Andrew Motion set up the Poetry Archive three years ago
Recordings of 14 major 20th-Century American poets have been added to the free online audio Poetry Archive.
Classic American poets such as Gwendolyn Brooks and Theodore Roethke have joined British poets like Dylan Thomas and Ted Hughes in the archive.
It was launched in 2005 by UK Poet Laureate Andrew Motion and recording producer Richard Carrington.
Motion told the BBC that the internet had been "incredibly important" in bringing poetry to its audience.
He said: "To hear the speed at which a poet reads, to hear their accent, to hear how they inflect their voice, to hear how they create a space around their words - or don't - all add to our using of what the meaning of poem might be."
The Poetry Archive is accessed by 125,000 unique visitors every month who view more than one million pages.
A total of 61 new recordings will be added to the archive on Tuesday after a transatlantic collaboration between the Poetry Archive and the Poetry Foundation in Chicago.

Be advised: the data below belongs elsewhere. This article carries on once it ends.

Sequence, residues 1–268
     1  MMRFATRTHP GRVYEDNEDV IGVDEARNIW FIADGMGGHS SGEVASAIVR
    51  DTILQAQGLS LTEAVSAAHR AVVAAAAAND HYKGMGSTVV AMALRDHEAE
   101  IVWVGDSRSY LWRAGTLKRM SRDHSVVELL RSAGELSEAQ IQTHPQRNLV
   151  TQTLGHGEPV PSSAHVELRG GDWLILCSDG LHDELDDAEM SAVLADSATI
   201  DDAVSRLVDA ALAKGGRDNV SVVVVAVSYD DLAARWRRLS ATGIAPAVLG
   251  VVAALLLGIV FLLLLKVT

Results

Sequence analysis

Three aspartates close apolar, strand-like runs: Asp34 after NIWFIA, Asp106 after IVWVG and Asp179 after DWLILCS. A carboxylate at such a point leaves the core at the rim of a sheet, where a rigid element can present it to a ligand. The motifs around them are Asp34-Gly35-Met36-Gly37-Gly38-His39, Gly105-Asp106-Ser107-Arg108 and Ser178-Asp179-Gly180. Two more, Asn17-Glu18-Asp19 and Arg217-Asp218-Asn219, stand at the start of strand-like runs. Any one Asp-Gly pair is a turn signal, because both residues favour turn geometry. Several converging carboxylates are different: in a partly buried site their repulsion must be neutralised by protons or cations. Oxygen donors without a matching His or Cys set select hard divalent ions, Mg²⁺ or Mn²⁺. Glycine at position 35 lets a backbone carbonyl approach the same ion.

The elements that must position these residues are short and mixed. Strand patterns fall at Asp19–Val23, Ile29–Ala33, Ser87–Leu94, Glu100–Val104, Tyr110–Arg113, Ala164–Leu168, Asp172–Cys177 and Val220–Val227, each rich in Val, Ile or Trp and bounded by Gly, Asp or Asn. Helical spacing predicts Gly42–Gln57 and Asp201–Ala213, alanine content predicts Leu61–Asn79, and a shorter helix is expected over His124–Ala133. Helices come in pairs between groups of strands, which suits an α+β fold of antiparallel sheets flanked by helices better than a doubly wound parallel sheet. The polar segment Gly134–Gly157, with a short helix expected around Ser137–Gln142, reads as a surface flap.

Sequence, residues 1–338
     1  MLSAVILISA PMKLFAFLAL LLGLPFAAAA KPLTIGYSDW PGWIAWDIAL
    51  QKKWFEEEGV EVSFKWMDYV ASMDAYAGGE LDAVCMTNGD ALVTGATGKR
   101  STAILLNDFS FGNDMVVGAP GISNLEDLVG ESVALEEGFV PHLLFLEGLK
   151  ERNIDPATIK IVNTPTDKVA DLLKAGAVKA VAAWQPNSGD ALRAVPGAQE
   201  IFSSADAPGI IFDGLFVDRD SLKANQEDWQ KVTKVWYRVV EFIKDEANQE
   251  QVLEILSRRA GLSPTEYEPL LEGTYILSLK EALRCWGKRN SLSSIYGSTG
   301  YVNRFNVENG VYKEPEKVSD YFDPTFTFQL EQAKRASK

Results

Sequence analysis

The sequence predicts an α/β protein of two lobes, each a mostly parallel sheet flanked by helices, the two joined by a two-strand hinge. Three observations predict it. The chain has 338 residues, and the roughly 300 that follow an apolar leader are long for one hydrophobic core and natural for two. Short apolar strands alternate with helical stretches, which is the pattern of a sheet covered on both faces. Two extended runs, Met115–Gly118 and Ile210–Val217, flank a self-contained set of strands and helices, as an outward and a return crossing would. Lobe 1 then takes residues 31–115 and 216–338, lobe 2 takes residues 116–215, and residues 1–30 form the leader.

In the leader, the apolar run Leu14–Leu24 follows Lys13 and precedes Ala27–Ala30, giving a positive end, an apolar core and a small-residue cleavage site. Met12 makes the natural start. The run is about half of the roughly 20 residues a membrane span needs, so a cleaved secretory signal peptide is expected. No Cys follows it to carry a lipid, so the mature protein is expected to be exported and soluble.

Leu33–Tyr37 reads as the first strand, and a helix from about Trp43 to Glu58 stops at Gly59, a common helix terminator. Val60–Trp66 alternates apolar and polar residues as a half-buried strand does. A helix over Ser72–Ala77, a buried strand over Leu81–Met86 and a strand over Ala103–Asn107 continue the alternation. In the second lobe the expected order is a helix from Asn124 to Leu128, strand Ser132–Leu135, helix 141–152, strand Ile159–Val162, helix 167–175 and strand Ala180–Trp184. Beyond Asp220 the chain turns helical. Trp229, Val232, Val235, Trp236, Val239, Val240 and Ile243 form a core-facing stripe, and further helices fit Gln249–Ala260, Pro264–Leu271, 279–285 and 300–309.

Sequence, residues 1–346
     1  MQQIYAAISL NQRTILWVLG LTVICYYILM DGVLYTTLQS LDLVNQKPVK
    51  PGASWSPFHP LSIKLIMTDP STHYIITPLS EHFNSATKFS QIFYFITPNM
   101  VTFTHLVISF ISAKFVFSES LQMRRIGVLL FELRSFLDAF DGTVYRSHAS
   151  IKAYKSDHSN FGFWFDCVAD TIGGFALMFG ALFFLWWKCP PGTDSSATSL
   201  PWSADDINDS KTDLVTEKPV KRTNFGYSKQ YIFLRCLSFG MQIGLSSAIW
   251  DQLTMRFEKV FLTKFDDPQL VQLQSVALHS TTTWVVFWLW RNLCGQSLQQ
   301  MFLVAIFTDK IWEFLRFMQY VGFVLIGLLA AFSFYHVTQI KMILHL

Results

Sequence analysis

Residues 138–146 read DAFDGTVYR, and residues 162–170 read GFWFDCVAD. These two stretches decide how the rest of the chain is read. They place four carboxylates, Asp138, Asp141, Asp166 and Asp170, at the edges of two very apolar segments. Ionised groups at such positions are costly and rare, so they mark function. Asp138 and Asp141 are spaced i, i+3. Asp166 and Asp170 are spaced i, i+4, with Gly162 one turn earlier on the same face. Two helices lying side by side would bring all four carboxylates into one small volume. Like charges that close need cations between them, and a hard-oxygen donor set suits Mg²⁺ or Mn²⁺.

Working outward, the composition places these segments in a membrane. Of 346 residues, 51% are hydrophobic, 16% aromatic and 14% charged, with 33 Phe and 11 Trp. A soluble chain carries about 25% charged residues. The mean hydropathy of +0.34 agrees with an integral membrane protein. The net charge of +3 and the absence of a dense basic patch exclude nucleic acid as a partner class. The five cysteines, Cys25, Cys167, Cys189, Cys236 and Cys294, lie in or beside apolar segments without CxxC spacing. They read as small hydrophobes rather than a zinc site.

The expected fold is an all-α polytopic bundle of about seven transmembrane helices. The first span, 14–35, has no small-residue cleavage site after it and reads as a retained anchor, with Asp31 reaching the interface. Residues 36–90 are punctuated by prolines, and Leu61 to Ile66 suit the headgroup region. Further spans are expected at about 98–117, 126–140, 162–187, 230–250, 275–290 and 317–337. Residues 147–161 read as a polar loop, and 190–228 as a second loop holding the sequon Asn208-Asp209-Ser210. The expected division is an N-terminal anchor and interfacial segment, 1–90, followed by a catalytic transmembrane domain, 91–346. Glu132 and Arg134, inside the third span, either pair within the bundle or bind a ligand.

When completed, the project will consist of over 100 American poets reading their own work.
Motion told the BBC: "To have this partnership with the Poetry Foundation is really wonderful because at a stroke - over three years - it introduces 100 new voices and does a lot to remedy the unfamiliarity that presently exists about what's happening in our two cultures.
"It contains, or will contain, a very interesting range of historic and contemporary poets.
"Some of the names are very well known, like Robert Frost, and some of them will be very less well known to a British audience but they are going to have a very good time when they get to hear them."
American voices to be added include former US Poet Laureates Ted Kooser and Robert Pinsky, and Pulitzer Prize-winners Yusef Komunyakaa and Philip Levine.
Motion said his particular highlights included Komunyaaka reading his poem Facing It, which contemplates the tally of people killed in the Vietnam War.
"He is hardly known at all over here, but the poems he wrote about the Vietnam War are absolutely brilliantly good, so to have this example easily available now is a benefit to all of us.
Emily Warn, editor of poetryfoundation.org, said: "Andrew Motion was one of the first to recognise that the internet is allowing millions of people to experience poetry in its oldest form - as an oral art form.
"Adding recordings of great American poets to the Poetry Archive makes it an even more comprehensive resource for people interested in listening to poetry."